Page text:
The Sub-Nanometer Length Scale: Exploring Fundamental Challenges in Aerosols & Catalysis
with Nicholas A. Brunelli, Ph.D.
Georgia Institute of Technology
Tuesday, February 12, 2013
View seminar flier
abstract: The length scale over which features are important and can be measured has steadily been moving toward the atomic length scale. Subtle changes on this length scale in many systems can have a significant impact on the desired material properties, but these differences are increasingly difficult to measure and control. In the first part of this talk, Brunelli will discuss his work on acid-base cooperative interactions and show how synthetic methods can be used to control acid-base cooperative interactions on the Ångstrom length scale. The second part of this talk will focus on synthesizing silicon quantum dots and measuring the subtle changes in surface chemistry using the nano-RDMA (Radial Differential Mobility Analyzer).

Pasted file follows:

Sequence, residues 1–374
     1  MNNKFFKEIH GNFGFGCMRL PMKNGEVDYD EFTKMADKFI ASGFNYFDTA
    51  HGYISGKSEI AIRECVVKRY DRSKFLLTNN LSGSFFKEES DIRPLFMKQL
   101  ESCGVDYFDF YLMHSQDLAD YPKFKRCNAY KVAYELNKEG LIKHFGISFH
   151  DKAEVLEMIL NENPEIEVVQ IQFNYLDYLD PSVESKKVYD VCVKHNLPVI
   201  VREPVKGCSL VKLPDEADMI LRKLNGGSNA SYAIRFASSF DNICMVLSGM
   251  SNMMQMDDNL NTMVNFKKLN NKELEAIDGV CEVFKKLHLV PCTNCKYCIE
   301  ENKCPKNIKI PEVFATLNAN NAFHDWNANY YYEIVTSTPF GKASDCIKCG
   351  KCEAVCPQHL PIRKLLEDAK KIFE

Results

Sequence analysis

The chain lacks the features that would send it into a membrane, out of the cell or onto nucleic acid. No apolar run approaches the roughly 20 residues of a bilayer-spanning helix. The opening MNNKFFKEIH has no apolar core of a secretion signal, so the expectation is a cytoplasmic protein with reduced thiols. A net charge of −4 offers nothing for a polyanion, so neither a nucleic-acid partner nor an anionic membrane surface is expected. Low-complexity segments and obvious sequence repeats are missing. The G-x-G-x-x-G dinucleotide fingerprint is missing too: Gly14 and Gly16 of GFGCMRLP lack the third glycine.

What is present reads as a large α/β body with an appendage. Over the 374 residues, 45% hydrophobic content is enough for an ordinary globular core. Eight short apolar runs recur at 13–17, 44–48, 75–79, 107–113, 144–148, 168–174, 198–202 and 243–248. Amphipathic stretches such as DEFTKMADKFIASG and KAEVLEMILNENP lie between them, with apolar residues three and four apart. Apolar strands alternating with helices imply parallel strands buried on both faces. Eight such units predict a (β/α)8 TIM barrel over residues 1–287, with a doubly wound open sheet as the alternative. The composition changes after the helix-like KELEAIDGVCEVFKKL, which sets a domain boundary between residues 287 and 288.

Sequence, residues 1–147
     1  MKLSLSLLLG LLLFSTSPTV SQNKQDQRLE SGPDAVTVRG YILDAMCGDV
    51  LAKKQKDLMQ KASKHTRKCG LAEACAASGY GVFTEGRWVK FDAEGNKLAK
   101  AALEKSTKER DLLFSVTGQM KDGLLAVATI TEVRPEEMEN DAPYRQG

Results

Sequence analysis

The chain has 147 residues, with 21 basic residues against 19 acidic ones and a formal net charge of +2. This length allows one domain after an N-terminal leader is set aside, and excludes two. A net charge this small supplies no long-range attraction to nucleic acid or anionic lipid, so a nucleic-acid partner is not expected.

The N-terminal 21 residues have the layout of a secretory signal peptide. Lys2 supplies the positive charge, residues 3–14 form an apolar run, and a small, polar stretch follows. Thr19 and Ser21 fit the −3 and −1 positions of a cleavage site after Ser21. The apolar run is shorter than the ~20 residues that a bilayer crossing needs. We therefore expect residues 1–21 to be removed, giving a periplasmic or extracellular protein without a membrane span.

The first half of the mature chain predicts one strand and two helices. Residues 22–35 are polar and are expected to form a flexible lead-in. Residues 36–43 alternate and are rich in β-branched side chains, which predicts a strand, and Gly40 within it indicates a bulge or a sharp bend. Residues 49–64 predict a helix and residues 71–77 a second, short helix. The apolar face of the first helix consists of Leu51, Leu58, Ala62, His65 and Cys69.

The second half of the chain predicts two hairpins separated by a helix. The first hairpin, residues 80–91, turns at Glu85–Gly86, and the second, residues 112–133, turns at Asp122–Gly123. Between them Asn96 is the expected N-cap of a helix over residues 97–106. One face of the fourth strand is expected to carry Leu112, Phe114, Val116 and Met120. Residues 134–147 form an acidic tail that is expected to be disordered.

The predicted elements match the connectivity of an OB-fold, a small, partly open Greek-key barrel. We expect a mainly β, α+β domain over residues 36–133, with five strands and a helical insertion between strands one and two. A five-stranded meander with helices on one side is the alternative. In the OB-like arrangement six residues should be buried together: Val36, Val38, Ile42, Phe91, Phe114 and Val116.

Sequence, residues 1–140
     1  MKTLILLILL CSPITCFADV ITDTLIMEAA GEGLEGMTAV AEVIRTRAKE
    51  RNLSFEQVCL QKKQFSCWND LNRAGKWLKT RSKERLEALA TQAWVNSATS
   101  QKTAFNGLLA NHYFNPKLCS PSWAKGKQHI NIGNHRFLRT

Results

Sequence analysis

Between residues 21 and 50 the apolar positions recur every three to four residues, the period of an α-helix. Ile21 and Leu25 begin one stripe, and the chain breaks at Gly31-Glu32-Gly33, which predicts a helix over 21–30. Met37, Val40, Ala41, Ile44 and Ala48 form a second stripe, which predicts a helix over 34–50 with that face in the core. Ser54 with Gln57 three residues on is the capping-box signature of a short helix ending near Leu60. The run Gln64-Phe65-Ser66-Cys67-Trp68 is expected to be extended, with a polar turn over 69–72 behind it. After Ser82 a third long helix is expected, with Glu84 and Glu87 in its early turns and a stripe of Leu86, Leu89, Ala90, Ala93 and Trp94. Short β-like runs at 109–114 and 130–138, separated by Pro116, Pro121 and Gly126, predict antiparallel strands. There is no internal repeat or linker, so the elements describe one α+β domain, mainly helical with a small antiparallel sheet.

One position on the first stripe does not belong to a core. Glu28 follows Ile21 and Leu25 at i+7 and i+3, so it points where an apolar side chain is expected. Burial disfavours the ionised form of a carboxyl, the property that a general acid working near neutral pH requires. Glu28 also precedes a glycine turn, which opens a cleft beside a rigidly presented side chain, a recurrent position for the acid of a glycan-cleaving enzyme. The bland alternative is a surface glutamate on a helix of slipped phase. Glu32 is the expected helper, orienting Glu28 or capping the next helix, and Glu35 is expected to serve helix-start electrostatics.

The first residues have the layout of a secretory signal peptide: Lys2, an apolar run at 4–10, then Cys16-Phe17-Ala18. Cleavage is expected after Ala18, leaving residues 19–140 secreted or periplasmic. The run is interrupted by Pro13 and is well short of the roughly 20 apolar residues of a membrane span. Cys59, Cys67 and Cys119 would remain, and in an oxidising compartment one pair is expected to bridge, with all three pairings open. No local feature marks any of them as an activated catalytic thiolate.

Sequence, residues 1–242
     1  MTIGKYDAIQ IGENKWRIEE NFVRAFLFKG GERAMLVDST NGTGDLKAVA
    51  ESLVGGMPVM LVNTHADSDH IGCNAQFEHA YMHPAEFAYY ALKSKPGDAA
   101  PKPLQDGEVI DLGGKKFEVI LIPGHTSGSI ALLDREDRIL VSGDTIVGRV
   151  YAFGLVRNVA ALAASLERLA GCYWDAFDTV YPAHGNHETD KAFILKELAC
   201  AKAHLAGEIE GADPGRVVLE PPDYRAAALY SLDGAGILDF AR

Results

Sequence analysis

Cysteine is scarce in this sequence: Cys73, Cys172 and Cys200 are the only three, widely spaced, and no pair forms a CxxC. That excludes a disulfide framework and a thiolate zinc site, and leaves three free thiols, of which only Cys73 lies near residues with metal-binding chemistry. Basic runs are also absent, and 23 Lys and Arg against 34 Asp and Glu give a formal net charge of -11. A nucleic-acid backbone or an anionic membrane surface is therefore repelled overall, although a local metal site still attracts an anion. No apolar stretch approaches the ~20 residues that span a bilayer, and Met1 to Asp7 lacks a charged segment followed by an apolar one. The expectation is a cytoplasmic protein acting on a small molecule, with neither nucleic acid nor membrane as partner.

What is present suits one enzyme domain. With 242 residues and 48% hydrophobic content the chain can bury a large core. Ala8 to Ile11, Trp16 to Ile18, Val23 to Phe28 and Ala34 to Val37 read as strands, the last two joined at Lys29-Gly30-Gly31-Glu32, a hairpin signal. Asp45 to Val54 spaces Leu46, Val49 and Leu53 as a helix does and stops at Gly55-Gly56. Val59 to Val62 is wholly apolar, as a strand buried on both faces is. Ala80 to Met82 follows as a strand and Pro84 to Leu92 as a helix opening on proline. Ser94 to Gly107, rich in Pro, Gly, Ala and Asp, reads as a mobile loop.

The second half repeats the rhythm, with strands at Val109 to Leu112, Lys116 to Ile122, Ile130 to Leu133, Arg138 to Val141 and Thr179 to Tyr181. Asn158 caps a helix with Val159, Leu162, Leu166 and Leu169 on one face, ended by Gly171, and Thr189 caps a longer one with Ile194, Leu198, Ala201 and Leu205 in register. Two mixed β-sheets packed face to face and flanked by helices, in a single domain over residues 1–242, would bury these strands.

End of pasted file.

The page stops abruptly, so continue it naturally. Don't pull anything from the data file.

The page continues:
biosketch: Nicholas Brunelli received his Ph.D. in Chemical Engineering from the California Institute of Technology in 2010. His doctoral research involved combining atmospheric-pressure microplasmas and in-situ aerosol size measurements to synthesize silicon quantum dots and other nanoparticle compositions. The small particle sizes produced from the microplasma spurred the invention of the nano-RDMA (Radial Differential Mobility Analyzer) to accurately capture particle size distributions. The materials characterization background provided the basis for him to transition into catalysis-based research during his postdoctoral appointment at the Georgia Institute of Technology. His postdoctoral research has focused on understanding acid-base cooperativity for important C-C bond forming reactions like the aldol and nitroaldol condensation while also collaborating on projects related to adsorbent materials for CO2 capture.